Textile fragment (detail), North India, Sultanate Period, 13th–15th century. Silk. Gift of George and Marie Hecksher. 2000.186.1
The Caroline and H. McCoy Jones Department of Textile Arts contains more than 13,000 textiles and costumes from traditions around the world. A remarkable range of techniques are represented, including loom-woven textiles, non-woven fabrics such as bark cloth, felt and knitting, and objects embellished with beading and embroidery.
Highlights from the collection include extraordinary Turkmen carpets, rare 12th- through 15th-century Central Asian and North Indian silks, the most important group of Anatolian kilims outside Turkey, European tapestries, exquisite ecclesiastical textiles and contemporary Bay Area fiber art. Since the 1930s the de Young has been known for its 20th-century couture, particularly from the post-World War II era, with outstanding pieces by Christian Dior, Cristóbal Balenciaga, Madame Grés, Yves Saint Laurent and Coco Chanel.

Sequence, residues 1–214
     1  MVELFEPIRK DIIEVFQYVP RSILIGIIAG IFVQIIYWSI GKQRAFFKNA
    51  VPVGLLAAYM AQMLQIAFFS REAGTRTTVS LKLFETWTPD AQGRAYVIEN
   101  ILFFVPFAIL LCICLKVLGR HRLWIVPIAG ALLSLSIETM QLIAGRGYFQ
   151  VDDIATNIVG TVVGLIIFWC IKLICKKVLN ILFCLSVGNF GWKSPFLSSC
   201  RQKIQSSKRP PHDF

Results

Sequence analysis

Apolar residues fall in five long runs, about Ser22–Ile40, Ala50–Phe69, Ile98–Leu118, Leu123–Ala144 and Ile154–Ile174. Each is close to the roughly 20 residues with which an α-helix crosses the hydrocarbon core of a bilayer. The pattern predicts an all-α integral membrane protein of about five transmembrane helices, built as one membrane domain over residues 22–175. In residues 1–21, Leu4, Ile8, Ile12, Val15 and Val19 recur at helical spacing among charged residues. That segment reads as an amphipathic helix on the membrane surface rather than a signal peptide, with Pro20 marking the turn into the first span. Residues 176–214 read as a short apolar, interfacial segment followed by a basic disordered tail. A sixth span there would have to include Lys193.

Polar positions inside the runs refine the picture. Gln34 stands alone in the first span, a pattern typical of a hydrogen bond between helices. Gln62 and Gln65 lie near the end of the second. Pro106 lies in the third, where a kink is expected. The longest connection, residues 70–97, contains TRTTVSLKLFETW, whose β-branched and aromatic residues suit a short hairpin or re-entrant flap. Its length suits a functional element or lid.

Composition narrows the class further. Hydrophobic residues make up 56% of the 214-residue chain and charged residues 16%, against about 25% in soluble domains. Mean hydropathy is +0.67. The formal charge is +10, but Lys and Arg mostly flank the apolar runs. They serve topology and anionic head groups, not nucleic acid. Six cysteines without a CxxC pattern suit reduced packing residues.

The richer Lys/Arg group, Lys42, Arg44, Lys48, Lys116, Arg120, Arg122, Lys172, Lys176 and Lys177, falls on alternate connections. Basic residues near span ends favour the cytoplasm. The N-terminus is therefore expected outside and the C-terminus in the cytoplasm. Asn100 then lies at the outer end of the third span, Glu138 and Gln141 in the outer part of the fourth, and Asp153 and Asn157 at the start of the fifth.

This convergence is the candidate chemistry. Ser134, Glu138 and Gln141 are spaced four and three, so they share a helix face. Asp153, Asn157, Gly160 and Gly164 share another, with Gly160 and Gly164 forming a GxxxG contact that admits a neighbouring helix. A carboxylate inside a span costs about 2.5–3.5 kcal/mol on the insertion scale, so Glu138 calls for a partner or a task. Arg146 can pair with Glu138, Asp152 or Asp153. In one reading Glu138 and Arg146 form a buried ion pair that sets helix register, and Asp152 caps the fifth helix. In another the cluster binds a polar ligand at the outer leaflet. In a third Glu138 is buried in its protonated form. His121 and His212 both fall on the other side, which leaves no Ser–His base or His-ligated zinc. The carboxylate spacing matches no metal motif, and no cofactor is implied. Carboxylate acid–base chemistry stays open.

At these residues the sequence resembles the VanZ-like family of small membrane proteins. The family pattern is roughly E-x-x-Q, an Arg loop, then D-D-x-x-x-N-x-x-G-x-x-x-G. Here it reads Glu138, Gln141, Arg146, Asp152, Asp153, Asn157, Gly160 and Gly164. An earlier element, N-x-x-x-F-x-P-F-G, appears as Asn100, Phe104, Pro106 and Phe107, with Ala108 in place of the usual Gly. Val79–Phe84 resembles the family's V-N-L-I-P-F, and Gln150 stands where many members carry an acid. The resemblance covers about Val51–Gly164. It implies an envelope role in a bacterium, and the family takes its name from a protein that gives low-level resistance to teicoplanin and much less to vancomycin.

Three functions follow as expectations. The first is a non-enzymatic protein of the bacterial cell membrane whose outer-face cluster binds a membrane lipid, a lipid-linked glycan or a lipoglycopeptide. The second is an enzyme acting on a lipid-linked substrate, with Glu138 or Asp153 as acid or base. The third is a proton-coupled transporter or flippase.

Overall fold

With holdings that span two and a half millennia and represent cultures from 125 countries, the textile arts collection enables the museums to draw connections across cultures and enrich other areas of the permanent collection. Throughout the year, the Lonna and Marshall Wais and Diana Dollar Knowles and Graham B. Knowles costume and textile arts gallery hosts several exhibitions featuring the diverse range of these collections as well as important traveling exhibitions.
In addition to the larger rotating textiles presentations in the main gallery, the T.B Walker Family Education Gallery houses small, didactic displays and contains study drawers illustrating representative pieces from the entire collection highlighting different textile techniques. The Joan Diehl McCauley Study Center includes a comprehensive library accessible to students, scholars and independent researchers.